Baxter - Houston-Packer Collection BX5200 .B352 1835 v1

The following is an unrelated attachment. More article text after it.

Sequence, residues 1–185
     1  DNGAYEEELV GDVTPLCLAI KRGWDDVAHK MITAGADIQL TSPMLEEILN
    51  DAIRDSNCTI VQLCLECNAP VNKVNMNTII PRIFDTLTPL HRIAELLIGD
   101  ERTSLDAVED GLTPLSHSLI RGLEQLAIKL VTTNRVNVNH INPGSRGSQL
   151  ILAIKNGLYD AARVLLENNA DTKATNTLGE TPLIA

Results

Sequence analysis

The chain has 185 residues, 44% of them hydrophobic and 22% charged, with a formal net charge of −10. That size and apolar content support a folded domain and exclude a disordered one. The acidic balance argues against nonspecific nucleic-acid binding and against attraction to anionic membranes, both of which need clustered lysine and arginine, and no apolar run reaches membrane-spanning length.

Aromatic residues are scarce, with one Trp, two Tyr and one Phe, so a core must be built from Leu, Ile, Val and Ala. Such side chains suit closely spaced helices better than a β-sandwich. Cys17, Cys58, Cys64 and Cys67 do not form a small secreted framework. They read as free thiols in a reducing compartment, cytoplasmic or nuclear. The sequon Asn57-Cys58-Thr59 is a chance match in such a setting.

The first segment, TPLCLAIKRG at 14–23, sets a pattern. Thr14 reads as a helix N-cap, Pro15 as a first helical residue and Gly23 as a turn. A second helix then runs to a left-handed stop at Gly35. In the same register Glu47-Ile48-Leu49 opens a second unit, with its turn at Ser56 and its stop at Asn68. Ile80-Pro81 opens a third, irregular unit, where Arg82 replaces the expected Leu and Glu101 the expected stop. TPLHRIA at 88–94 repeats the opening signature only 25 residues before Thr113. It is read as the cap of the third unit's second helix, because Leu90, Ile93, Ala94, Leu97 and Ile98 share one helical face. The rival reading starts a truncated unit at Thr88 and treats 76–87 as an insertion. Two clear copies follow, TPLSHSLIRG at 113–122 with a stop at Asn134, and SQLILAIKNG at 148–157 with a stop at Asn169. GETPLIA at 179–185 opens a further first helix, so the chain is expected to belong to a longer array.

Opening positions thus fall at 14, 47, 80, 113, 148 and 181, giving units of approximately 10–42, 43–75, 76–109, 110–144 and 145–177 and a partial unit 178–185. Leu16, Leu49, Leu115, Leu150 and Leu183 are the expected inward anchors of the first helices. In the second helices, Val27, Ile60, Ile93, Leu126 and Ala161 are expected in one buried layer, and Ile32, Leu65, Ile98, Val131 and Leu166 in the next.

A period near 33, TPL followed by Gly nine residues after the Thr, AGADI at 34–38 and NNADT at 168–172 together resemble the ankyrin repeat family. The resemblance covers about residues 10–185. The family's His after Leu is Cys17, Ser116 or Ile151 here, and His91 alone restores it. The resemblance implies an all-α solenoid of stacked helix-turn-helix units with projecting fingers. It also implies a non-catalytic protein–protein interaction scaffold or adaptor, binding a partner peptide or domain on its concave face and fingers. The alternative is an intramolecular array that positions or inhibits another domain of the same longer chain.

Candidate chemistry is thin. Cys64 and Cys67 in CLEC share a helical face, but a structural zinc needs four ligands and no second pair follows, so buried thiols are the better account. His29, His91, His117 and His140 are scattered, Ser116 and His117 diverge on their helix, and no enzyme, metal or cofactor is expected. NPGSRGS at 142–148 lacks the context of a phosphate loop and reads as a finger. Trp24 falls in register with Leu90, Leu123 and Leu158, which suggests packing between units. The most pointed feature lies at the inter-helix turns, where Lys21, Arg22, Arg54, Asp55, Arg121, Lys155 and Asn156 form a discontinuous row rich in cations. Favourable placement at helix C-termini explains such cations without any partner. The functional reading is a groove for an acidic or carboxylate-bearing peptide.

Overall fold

72 LINE ON RICHARD BAXTER. " Because I perceived that it was a fewmen who bore the bell, that did all the hurt among them, I acquainted myself with those men, and would be oft disputing with them, in the hearing of the rest. I found that they were men who had been in London, hatched up among the old separatists, and had made it all the matter of their study and religion to rail against ministers, parish churches, and Presbyterians; and who had little other knowledge or discourse of any thing about the heart, or heaven. They were fierce with pride and self-conceitedness, and had gotten a very great conquest over their charity, both to the Episcopalians and Presbyterians; whereas many of those honest soldiers, who were tainted but with some doubts about liberty of conscience, or Inde- pendency, were men who would discourse of the points of sanc- tification, and Christian experience, very savorily. But we so far prevailed in opening the folly of these revilers, and self-conceited . men, as that some of them became the laughing-stock of the sol- diers before I left them ; and when they preached, for great preachers they were, their weakness exposed them to contempt. A great part of the mischief they did among the soldiers, was by pamphlets, which were abundantly dispersed, such as Overton's Martin Mar-Priest, and more of his; and some of J. Lilburn's, whowas one of them; and divers against the king, and against the ministry, and for liberty of conscience, &c. And, soldiers being usually dispersed in their quarters, they had such books to read, when they had none to contradict them. " But there was yet a more dangerous party than these among the soldiers, (only in Major Bethel's troop of our regiment,) who took the direct Jesuitical way. They first most vehement y de- claimed against the doctrine of election, and for the power of free-will, and all other points which are controverted between the Jesuits and Dominicans, the Arminians and Calvinists. Then they as fiercely cried down our present translation of the Scrip- tures, and debased their authority, though they did not deny them to be divine. They cried down all our ministry, Episcopal, Pres- byterian, and Independent, and all our churches. They vilified almost all our ordinary worship, especially singingof psalms, and constant family worship ; they allowed of no argument fromScrip- ture, but what was brought in its express words ; they were vehement against both king, and all government, but popular; and against magistrates meddling in matters of religion. All their disputing was with as much fierceness as if they had been ready to draw their swords upon those with whom they disputed. They trusted more to policy, scorn, and power, than to argument. They would bitterly scorn me among their hearers, to prejudice them before they entered into dispute. They avoided me as much as possible ; but when they did come to it, they drowned